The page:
Viewing post #290705 by imapigeon
|This is my studio. My previous "studio space" was a dirt-floored vinyl tent, which was hotter than the dickens in the summer, and freezing in the winter. We had a bad storm that ripped the roof off of it, and a lot of my supplies and equipment were damaged or lost.
My husband designed this to replace the Doughboy above-ground swimming pool that we weren't using much. It fit perfectly into the space in the garden, and the ground was already cleared and leveled. Because the pool was round, he based the design on a yurt, which is a round dwelling used by nomadic peoples of Central Asia. http://en.wikipedia.org/wiki/Yurt
The structure is 16 feet in diameter. The roof is made of triple-wall, bronze-tinted polycarbonate greenhouse material cut into 16 sections. The outside walls are exterior paneling, painted to match our house. The middle wall layer is 1-1/2 inch polystyrene foam insulation, and the interior walls are 1/8-inch masonite. The cupola on top, which fills the center "smoke hole" is a 24-inch wind turbine that I painted with copper Rustoleum, and which does a good job of sucking hot air out in the summer. There's also a ceiling fan inside, as well as a nice propane heater that doubles as a bistro table.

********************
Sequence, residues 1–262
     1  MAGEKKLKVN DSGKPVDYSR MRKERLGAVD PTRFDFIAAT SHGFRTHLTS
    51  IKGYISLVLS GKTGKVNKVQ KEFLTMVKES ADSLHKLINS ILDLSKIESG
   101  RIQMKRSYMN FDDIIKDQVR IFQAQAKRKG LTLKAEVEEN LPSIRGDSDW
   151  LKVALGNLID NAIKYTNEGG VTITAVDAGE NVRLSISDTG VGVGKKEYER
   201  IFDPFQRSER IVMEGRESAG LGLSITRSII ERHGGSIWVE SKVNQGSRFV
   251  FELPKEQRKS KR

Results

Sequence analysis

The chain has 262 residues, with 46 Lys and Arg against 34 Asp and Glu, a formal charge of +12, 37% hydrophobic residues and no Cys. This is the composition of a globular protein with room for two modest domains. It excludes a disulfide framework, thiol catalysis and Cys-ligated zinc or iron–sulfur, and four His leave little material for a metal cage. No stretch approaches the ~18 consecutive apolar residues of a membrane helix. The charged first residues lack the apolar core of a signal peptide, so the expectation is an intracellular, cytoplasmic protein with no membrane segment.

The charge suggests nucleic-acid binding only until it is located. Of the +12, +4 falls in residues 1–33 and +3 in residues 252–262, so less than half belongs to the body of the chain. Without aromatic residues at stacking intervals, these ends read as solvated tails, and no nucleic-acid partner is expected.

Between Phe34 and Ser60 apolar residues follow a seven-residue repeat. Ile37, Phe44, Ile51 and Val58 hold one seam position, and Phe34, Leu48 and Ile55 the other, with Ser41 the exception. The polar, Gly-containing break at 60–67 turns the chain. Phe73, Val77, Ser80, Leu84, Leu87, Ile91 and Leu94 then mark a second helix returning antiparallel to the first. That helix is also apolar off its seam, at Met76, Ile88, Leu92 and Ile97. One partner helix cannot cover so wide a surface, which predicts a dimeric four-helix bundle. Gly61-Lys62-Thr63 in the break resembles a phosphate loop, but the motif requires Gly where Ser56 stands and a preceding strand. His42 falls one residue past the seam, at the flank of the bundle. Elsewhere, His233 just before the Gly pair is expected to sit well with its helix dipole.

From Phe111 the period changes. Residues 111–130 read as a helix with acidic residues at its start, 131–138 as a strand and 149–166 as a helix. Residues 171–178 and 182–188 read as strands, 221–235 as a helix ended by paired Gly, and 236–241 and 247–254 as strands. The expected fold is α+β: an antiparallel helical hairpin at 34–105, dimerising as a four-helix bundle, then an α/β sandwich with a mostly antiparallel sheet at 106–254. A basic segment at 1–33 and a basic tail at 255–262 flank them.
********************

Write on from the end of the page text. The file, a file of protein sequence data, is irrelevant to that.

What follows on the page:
The doors were freecycled from a client, who replaced them because they were badly water-damaged. I treated them with home-made "stop-rot", then we routed out the really bad parts & replaced them with plywood & fill, and rolled 5 coats of exterior enamel on them. They form a very cool "bay window" onto the little front deck. Two of the doors open wide enough to get large stuff in and out, and for ventilation.
The floor is commercial vinyl tile, which cleans up nicely. The interior walls are painted with high-gloss exterior paint, which is also pretty easy to clean.
The space took about 10 months to build from start to finish, including a 2-day "yurt-raising" weekend that included most of our friends. It's been great to have a weather-resistant space to work for the past couple of years!
Please visit the Clay Arts cubit
Anything worth doing is worth overdoing